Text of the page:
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 Table of Contents  
Year : 2023  |  Volume : 15  |  Issue : 2  |  Page : 194-199

TLR4 expression in the saliva of systemic lupus erythematosus correlated with the serum vitamin D/25-hydroxyvitamin D: A cross-sectional study

1 Department of Oral Medicine, Faculty of Dentistry, Universitas Gadjah Mada, Yogyakarta, Indonesia
2 Department of Oral Medicine Faculty of Dental Medicine, Universitas Airlangga, Surabaya, Indonesia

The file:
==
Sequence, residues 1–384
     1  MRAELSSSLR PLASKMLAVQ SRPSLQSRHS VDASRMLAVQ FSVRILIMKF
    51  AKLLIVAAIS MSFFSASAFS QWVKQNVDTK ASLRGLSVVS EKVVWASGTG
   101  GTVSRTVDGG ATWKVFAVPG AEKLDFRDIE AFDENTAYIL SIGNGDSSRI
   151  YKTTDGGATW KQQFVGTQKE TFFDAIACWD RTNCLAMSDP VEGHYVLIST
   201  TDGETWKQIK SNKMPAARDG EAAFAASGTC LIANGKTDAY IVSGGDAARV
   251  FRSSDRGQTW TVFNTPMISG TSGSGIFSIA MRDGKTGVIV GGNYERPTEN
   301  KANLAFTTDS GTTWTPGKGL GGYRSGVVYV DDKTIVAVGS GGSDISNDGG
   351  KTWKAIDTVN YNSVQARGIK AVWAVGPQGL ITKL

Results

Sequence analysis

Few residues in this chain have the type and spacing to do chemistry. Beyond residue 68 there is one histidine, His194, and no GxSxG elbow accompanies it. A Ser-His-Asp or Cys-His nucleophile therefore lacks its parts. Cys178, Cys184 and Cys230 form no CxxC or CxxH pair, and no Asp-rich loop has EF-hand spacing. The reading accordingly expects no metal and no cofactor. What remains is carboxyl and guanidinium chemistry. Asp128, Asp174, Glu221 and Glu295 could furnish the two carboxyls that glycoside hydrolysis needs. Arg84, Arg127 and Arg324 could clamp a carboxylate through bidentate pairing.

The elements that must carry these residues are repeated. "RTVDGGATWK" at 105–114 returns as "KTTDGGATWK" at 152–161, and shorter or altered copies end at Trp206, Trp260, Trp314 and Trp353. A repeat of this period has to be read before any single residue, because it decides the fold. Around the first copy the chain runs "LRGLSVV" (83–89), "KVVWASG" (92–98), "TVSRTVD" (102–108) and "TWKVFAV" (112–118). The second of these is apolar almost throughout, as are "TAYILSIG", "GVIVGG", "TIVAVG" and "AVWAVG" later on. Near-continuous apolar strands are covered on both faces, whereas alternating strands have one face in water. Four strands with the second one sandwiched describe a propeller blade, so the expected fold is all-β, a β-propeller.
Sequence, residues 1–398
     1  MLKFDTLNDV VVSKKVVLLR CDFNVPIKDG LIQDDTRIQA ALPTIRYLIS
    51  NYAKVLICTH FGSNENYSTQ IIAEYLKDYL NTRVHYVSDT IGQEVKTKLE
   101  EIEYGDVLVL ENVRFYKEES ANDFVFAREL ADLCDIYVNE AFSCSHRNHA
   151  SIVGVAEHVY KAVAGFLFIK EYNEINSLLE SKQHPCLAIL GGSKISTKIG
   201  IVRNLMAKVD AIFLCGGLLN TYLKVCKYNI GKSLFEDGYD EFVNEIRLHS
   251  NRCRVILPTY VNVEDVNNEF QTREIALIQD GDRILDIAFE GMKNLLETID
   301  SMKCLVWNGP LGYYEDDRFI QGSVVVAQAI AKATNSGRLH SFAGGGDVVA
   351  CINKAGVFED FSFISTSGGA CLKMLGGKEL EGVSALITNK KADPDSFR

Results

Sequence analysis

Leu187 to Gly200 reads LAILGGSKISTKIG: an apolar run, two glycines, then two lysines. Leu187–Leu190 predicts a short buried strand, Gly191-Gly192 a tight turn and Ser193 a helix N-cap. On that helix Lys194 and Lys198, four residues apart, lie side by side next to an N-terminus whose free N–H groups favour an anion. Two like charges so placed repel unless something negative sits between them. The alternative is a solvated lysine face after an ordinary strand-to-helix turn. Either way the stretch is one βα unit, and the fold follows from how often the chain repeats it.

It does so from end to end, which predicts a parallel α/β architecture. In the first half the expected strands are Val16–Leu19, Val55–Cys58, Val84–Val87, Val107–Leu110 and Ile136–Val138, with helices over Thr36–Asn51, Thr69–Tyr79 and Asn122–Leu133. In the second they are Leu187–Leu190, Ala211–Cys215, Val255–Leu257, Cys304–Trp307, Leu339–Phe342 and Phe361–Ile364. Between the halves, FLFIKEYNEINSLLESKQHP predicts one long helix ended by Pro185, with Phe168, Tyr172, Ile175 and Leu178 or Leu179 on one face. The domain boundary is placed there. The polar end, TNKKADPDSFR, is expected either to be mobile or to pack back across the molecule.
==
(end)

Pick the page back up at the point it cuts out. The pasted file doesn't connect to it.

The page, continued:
3 Department of Internal Medicine, Dr. Soetomo Hospital, Faculty of Medicine, Universitas Airlangga, Surabaya, Indonesia

Date of Submission12-Mar-2022
Date of Decision20-Mar-2023
Date of Acceptance20-Mar-2023
Date of Web Publication28-Apr-2023

Correspondence Address:
Dr. Hendri Susanto
Department of Oral Medicine, Faculty of Dentistry, Universitas Gadjah Mada, Denta Sekip Utara, Yogyakarta 55281
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Source of Support: None, Conflict of Interest: None

DOI: 10.4103/jioh.jioh_61_22